That measure provided for the sale of the Thompson Center by a “competitive sealed proposal process within two years.” The buyer must also enter into an agreement with the city and the Chicago Transit Authority to maintain operations of the Clark and Lake station, which is one of the most complex and busy CTA stations in the city.
Pritzker has said he wants to sell the building to use it as “an asset to offset liabilities, possibly liabilities in the pension system.”
The governor’s office put out a request for proposals on Aug. 28 to obtain project management and technical expertise about a sale of the historic building. Those proposals are due on Friday.
According to Pritzker’s office, the construction cost in 2016 was estimated to be more than $300 million to bring the building “into a good state of repair.” The operating expenses are also more than $17 million due to the building’s size.
In the event of a sale, employees at the Thompson Center — who have often complained about its underutilization and maintenance issues — will be moved to the Michael A. Bilandic building across the street, and “other under-utilized, state-owned or rented facilities,” the governor’s office said. About 2,200 state employees work in the building.
Last month, the governor’s office announced that Pritzker had paid $275,000 out of his own pocket for a governor’s office revamp in the building, including carpeting, paint and ceiling tile work “so that the space would no longer be embarrassing.”
If the Thompson Center is ultimately torn down, it won’t be the first time a historic building came and went on the site.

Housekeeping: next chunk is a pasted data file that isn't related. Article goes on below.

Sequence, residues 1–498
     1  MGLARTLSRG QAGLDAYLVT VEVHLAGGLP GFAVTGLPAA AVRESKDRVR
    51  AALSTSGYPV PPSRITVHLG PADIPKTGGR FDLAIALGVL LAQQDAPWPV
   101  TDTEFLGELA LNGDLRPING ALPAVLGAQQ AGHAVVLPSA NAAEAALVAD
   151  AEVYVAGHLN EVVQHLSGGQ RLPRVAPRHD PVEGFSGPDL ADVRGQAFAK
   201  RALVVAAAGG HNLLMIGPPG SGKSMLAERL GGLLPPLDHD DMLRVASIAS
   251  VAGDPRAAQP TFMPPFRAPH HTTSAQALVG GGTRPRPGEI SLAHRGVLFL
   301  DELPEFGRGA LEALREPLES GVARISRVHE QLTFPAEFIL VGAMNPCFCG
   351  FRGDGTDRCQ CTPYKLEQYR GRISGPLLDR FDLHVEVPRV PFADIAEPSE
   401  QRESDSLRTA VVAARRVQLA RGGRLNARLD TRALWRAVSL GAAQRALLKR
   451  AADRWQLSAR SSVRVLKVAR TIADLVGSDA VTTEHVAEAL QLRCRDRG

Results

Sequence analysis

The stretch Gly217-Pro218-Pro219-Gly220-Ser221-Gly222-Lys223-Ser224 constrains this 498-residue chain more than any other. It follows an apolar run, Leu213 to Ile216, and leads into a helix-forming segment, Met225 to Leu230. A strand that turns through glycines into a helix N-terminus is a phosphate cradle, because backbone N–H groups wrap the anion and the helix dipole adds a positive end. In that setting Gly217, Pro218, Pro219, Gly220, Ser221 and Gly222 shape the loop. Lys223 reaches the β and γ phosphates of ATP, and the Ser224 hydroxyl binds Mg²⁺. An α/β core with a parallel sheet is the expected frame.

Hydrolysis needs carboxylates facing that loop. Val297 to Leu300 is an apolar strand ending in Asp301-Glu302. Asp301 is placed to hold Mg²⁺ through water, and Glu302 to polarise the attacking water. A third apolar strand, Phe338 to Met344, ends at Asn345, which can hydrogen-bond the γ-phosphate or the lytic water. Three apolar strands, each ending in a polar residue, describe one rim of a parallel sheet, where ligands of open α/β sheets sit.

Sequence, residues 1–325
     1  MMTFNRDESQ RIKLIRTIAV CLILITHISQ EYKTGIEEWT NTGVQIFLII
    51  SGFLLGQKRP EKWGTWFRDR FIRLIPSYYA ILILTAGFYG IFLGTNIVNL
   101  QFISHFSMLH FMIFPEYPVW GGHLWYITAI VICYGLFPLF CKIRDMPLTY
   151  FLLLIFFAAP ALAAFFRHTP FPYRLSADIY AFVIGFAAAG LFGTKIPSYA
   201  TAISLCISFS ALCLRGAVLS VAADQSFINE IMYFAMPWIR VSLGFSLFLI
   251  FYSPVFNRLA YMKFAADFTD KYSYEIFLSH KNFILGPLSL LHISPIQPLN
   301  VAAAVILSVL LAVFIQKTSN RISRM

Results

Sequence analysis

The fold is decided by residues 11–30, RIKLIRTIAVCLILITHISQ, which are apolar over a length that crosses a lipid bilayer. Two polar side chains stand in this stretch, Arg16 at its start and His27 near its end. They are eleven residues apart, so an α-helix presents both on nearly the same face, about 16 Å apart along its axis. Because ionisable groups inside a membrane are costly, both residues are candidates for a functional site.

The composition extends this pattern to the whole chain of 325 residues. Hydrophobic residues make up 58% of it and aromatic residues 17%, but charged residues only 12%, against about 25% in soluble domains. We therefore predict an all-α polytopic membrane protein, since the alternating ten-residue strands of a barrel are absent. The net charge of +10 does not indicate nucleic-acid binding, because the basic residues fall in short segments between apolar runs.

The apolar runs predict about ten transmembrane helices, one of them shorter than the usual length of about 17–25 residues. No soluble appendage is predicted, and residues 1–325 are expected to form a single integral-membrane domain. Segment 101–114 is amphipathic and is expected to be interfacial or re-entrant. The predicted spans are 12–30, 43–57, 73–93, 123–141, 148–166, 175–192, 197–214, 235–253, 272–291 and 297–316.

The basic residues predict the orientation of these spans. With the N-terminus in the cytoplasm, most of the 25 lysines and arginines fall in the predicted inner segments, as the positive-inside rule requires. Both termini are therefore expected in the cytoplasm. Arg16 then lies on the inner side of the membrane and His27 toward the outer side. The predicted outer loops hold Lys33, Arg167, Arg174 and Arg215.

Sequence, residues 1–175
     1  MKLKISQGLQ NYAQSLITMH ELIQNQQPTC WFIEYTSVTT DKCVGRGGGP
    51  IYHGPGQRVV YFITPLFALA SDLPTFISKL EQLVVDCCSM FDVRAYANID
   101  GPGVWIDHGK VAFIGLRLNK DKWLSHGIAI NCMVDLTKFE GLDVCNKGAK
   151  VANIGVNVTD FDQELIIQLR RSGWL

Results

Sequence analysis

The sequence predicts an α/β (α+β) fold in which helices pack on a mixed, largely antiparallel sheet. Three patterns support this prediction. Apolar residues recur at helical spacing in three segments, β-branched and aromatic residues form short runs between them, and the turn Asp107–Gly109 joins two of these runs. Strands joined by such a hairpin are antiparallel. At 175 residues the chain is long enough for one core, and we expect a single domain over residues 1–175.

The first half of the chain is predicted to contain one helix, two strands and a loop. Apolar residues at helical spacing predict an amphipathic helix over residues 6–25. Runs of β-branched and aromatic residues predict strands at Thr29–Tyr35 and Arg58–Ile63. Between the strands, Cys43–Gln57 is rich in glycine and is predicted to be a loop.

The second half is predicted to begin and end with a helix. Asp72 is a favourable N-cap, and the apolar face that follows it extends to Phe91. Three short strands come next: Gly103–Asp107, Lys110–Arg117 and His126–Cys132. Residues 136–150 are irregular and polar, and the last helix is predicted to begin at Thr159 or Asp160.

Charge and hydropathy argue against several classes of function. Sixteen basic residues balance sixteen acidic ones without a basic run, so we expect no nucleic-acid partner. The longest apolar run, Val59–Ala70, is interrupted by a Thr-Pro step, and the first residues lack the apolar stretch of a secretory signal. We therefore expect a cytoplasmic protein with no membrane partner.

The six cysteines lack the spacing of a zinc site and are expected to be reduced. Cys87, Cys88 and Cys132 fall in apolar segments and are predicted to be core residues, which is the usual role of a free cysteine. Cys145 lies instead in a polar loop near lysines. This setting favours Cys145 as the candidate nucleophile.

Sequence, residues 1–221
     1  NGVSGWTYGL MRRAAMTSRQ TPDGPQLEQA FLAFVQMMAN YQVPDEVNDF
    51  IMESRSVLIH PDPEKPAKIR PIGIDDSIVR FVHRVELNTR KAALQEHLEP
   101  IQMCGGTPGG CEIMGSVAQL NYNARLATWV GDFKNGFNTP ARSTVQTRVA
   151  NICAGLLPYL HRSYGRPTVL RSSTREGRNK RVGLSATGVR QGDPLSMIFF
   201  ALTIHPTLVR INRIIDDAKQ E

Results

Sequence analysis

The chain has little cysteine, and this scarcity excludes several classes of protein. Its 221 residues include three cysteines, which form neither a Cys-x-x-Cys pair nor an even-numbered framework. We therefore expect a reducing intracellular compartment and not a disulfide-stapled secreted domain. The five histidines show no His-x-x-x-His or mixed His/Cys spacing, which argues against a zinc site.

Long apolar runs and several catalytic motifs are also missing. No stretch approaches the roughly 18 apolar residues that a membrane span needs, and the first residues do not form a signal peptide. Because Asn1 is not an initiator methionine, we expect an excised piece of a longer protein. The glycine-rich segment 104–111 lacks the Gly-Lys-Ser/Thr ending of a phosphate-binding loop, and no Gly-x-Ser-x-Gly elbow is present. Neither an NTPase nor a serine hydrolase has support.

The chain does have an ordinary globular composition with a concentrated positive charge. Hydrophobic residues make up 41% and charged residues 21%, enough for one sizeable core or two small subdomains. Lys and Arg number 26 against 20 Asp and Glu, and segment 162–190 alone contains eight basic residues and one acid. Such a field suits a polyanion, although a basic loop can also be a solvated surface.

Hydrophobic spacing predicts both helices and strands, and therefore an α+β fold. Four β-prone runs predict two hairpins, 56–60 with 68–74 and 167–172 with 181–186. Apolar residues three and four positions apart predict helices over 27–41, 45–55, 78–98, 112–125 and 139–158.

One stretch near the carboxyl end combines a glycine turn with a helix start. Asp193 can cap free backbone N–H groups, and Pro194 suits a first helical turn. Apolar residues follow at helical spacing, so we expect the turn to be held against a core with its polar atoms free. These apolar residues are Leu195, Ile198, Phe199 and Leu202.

The old Sherman House hotel stood on the corner in various formsbeginning in 1837, the year Chicago was incorporated as a city. Over the years, its guests included Abraham Lincoln, Al Capone and Ralph Waldo Emerson.
It was first called the City Hotel and saw a number of additions, tear-downs and rebuilds until 1871. That’s the year when hundreds of guests and hotel workers stood on the roof to watch the Great Chicago Fire. Luckily they evacuated before the hotel itself burned to the ground.
A new version went up two years later, with extra floors added over the years. It was popular with mobsters and politicians alike.
Capone and Bugs Moran met at the Hotel Sherman in 1926 for a peace summit mediated by Mayor “Big Bill” Thompson.
The hotel’s College Inn was a popular nightspot for jazz fans during the big band era. Everyone from Fats Waller to Frank Sinatra and the Dorsey Brothers came to entertain the city’s high society.
Mayor Richard J. Daley made it the headquarters of the Cook County Democratic Party.
The hotel ultimately closed in 1973 and was eventually torn down to make way for what was first known as the State of Illinois Center.
When the building opened in 1985, Gov. Jim Thompson called it the first office building of the year 2000, describing it as “open,” “honest” and “friendly.”
But by the time it was named for him in 1993, Thompson acknowledged it wasn’t everyone’s favorite.
“Chicagoans love it or hate it,” Thompson said, “but they talk about it. That’s Chicago style.”